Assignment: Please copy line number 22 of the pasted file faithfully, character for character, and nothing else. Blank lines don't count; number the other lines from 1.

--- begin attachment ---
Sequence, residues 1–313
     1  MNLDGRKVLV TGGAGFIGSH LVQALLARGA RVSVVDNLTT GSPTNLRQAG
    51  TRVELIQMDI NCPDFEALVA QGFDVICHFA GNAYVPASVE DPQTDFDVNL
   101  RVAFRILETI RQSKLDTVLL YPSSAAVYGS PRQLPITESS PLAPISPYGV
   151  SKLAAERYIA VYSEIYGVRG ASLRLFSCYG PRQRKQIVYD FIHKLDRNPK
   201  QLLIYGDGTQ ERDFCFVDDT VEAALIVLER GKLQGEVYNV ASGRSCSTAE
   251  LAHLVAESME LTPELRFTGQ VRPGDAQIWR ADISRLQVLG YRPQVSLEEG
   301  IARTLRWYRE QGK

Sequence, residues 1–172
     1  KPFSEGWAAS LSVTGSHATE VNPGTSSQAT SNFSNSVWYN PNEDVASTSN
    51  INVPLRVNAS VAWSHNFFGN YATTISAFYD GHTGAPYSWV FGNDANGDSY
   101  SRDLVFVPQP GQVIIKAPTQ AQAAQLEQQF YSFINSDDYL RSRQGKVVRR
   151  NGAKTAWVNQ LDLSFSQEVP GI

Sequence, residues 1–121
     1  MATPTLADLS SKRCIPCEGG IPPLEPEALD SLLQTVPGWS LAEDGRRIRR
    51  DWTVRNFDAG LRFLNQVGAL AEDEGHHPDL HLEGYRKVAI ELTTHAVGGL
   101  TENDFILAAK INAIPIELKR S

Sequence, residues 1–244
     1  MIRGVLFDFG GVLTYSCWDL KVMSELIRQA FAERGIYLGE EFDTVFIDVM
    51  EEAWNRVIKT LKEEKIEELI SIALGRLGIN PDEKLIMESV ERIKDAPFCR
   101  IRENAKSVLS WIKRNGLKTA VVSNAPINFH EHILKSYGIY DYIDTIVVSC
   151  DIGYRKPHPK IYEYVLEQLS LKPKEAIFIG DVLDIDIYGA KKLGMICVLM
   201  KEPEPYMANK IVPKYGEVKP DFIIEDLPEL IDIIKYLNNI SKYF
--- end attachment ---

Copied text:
   151  DIGYRKPHPK IYEYVLEQLS LKPKEAIFIG DVLDIDIYGA KKLGMICVLM